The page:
The offensive photos in Facebook

Having been in STC, I am aware how strict the school can be. During my time, someone had to measure how short our skirts were…that we should wear pantilets under our skirt and many more. I think shorts were not even allowed to be worn under our skirt. It was not feminine. Modesty was taught early on. I recall we had to wear a chemise or sando so that our bras will not be seen through the blouse. I think most Catholic girl schools have these rules.

Despite the strict rules, I appreciate the values and knowledge that prepared me for life.

Anyway, the school officials scolded the girls for posting their photos of themselves clad in bikini at their Facebook accounts. . The students said they ““were deeply hurt and cried” after being scolded by the officials whom they accused of humiliating them with abusive language calling them ““easy, drunks and addicts.” The girls say the photos posted in their Facebook accounts were about past events held outside the school and were not offensive. The school officials say the photos were considered by the school as ““offensive to the virtues” espoused by the Catholic school.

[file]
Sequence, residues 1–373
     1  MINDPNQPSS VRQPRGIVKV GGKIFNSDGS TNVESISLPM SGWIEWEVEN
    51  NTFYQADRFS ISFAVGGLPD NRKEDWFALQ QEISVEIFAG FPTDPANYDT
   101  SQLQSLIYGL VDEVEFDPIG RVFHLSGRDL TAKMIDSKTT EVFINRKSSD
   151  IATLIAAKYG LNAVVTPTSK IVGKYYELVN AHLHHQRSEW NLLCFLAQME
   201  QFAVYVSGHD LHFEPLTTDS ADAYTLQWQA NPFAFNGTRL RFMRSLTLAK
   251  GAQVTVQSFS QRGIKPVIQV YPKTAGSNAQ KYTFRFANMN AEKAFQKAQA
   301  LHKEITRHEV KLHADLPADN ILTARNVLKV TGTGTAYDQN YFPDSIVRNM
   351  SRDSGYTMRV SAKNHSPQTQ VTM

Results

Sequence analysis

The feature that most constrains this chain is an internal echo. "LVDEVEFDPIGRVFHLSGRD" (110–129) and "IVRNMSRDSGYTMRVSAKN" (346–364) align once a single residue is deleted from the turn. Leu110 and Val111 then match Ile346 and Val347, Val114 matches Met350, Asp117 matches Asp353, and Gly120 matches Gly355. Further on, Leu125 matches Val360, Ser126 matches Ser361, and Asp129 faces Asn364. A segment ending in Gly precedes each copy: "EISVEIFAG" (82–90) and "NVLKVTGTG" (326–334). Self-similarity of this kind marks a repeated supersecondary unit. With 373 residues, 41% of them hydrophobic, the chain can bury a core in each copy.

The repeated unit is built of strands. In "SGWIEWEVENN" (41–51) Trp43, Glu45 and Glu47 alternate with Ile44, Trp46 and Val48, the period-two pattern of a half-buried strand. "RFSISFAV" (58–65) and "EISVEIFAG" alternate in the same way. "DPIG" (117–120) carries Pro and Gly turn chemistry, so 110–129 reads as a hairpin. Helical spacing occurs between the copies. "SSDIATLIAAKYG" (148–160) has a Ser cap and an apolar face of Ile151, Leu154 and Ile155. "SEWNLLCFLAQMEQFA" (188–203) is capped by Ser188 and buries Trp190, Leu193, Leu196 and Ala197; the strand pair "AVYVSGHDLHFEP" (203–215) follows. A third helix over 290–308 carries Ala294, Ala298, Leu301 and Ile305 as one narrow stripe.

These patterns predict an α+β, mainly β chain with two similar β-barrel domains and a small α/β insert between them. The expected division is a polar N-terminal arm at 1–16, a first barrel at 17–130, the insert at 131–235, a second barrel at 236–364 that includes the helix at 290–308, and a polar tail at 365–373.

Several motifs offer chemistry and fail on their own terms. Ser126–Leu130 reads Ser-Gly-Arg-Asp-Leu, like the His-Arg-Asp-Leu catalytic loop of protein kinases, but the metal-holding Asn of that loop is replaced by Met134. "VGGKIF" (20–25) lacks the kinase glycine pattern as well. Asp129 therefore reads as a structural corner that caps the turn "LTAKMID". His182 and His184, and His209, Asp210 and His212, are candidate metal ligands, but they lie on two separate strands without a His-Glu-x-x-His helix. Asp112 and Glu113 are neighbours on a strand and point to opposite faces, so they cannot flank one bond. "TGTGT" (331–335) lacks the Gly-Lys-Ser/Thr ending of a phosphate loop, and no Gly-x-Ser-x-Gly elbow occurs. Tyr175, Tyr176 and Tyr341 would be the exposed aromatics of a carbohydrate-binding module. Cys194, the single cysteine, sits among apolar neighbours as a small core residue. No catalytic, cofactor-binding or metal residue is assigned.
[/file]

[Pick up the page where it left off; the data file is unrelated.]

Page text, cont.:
The sanction imposed on the students was based on the provisions in the STC Handbook. I am not sure if we had the handbook back then. I do recall we couldn’t go around town with our school uniform. In the handbook, STC bars students from drinking outside the school, engaging in lewd behavior and dress in clothing that exposes underwear.

Vague standards

Student Council Alliance of the Philippines (Scap) believes that STC’s Student Handbook violates students’ rights and the Constitution.

“One of the rules stipulates that students should not be ‘posing and uploading pictures on the Internet that entail ample body exposure’ among numerous provisions that impede on the private and personal affairs of their students.” Scap said in a statement.

University of the Philippines Center for Women’s Study director Sylvia Estrada-Claudio explained that the issue is an ““institutional problem.”